99 years of Elliott Carter's masterpieces in 5 days
Whether listening to an opera or a concerto, this composer inspires and intrigues.
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The five-day festival concluded with the BSO performing in the Seiji Ozawa Hall, where most of the concerts took place. The piece, "Three Illusions for Orchestra" and the "Horn Concerto," with James Somerville playing French horn, were led by the kinetic BSO assistant conductor, Shi-Yeon Sung.Skip to next paragraph
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The festival also featured an internationally recognized composer/conductor, Oliver Knussen, who took over for the performance of the "Boston Concerto," and Carter's largest orchestral work, "Symphonia: Sum Fluxae Pretium Spei (I am the prize of flowing hope)."
To me these grand pieces have so much going on that they could alone account for Carter's controversial reputation.
But he was disarming in what he wrote when "Boston Concerto" was premièred in 2003: "The marvelous Boston Symphony was very important to me in the '20s and '30s as a Harvard student. At that time I went every Saturday and stood on the steps of Symphony Hall for a rush seat in the balcony. Those years also included singing with the Harvard Glee Club and the BSO in many of the great choral works. I am so grateful for those years and I have, I hope, written a 'thank you' piece – 'Boston Concerto.' "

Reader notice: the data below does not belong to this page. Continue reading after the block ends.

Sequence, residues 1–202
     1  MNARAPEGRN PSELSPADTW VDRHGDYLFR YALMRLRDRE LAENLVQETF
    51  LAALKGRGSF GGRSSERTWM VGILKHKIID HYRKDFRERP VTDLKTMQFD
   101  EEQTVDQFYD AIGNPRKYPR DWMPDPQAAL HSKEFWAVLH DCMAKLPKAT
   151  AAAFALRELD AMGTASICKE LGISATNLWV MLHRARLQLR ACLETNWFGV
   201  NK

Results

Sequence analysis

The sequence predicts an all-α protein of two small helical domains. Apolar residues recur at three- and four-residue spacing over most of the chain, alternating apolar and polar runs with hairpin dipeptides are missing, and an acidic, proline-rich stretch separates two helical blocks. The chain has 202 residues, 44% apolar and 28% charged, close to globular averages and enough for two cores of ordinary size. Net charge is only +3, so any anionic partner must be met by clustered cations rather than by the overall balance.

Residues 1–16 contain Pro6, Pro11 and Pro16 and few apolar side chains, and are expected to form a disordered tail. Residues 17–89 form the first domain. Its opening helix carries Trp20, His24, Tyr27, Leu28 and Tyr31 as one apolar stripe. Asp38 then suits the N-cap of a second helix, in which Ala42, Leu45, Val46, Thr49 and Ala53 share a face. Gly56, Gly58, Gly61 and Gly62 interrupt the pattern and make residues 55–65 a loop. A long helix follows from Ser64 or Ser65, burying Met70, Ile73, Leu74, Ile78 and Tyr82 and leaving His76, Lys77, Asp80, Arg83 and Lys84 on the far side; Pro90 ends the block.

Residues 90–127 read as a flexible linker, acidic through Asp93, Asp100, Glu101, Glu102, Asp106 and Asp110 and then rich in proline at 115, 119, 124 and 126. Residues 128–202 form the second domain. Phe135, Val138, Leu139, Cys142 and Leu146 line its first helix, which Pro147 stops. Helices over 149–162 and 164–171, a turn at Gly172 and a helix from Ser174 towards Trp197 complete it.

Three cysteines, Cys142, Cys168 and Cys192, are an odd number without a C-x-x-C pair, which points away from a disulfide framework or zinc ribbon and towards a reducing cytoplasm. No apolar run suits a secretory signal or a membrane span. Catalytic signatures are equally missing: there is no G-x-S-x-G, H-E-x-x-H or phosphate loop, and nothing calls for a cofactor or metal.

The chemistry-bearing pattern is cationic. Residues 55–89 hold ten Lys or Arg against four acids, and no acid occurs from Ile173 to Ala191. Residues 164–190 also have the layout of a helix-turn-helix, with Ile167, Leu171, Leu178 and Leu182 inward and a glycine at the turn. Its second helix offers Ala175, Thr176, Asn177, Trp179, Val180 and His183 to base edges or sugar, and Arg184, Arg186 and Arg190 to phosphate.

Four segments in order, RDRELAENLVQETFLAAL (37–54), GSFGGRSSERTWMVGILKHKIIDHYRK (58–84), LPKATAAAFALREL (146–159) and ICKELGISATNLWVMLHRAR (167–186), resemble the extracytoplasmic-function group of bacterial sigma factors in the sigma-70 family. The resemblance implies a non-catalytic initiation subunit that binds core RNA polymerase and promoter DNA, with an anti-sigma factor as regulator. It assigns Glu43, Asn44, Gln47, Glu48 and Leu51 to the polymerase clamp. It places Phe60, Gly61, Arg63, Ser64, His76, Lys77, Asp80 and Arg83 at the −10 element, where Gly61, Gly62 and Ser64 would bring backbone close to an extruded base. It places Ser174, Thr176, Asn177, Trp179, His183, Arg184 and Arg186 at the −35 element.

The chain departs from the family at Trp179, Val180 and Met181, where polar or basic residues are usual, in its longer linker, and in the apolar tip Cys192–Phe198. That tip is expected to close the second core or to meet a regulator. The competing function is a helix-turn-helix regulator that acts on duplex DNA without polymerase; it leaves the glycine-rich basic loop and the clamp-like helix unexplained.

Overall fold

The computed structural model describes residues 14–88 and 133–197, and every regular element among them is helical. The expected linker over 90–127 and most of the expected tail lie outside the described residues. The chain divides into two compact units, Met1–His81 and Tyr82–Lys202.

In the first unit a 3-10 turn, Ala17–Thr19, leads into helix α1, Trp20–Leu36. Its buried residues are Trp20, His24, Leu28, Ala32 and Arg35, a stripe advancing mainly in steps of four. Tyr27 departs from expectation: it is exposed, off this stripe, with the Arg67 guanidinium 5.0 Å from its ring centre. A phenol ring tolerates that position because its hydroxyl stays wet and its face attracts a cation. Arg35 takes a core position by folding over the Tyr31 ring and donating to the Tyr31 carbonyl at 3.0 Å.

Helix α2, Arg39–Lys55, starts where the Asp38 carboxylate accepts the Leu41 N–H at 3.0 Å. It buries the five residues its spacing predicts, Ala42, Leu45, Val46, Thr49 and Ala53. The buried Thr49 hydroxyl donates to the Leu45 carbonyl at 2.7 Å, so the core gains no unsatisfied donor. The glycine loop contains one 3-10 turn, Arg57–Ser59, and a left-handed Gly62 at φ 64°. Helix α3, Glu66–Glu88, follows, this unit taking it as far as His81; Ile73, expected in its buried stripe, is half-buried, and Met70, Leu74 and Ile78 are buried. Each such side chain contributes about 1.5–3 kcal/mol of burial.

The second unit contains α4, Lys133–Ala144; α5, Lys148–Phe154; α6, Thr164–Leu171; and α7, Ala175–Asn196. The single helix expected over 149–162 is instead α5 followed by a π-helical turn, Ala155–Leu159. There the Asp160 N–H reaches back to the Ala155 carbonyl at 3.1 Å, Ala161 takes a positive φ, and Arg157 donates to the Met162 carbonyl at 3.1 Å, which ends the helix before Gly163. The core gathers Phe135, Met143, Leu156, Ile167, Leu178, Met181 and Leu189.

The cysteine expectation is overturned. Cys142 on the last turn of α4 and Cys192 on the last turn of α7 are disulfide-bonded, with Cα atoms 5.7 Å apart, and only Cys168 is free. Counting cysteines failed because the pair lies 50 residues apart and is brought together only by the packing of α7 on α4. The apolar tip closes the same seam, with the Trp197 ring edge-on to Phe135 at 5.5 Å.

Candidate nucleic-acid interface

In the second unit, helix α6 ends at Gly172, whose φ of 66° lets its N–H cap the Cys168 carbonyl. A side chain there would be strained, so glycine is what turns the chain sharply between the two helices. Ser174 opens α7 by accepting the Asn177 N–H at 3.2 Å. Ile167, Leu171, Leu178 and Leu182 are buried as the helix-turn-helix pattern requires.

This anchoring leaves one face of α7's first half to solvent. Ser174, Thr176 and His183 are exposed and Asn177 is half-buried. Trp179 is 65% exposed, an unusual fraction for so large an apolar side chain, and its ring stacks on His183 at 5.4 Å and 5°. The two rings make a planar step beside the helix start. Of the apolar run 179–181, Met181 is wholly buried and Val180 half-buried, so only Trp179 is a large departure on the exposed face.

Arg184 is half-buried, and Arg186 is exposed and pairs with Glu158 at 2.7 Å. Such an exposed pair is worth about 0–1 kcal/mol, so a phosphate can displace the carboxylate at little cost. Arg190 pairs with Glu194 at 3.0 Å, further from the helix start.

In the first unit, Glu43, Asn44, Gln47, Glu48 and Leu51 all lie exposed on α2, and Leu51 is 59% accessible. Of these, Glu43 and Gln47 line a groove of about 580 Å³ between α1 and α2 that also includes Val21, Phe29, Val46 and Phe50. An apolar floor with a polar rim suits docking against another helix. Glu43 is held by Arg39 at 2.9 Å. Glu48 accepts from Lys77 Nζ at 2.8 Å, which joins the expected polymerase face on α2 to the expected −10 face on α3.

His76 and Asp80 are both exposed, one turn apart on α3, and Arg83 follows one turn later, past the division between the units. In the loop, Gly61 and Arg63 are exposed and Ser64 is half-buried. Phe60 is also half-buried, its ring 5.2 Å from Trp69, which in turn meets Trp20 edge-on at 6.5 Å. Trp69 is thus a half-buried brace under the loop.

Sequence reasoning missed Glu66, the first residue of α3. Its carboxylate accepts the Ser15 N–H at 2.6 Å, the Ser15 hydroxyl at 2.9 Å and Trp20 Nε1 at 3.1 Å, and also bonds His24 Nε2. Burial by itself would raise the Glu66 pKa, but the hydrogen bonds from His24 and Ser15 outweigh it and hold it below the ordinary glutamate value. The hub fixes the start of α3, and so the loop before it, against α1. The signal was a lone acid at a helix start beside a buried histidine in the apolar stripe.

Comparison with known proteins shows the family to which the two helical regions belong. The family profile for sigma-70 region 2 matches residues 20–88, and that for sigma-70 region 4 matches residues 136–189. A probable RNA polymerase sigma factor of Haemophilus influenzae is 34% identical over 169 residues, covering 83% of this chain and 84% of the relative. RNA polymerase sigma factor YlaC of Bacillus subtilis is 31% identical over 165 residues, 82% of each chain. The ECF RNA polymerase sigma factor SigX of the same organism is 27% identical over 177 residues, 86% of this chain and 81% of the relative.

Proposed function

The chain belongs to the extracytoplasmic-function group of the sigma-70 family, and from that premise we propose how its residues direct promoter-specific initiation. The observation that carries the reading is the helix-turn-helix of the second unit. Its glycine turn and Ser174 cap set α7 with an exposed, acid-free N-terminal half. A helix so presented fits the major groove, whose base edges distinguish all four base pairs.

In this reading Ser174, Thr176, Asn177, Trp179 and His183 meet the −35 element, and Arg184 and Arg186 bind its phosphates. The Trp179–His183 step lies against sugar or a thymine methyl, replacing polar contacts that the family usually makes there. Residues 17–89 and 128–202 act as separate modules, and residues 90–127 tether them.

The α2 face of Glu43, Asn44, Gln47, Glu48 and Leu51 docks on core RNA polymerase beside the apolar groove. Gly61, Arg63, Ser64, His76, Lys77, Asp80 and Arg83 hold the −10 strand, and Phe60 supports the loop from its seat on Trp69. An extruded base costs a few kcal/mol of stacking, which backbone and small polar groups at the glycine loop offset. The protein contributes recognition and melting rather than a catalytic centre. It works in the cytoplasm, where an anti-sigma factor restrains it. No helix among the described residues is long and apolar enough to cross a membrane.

Perhaps Carter thought of those singing days when the piece, "Mad Regales," the festival's second world première, returned to a cappella vocal music after nearly 70 years. The piece is written for six voices and the music is set to poems by John Ashbery.
Another piece, "Mosaic," written for harp and ensemble, was an American première.
"The score is formed by many short mosaiclike tesserae that I hope make one coordinated impression," Carter wrote.
This composition asks the harp for "slap pizzicato" and other effects that were no problem for the BSO's fine principal harpist, Ann Hobson Pilot.
But slap pizzicato? Sounds like a jazz term. But are there any jazz influences in Carter's music?
David Schiff, author of "The Music of Elliott Carter," said in the program that the "Piano Sonata of 1946" "invoked jazz." And during a panel discussion he smiled and said he thought he heard some influence of jazz pianist Thelonious Monk in the piano part of Carter's "Cello Sonata of 2000."
"I've never heard Carter say anything about it," Mr. Schiff later added in an e-mail, "but when I play through the part (in private!) I like to give the many staccato notes that mark the pulse a kind of Monk edge to them."
Schiff's private performance was not on the program, but many other pieces of Carter's music fulfilled Levine's instructions – if anything interests you, listen again.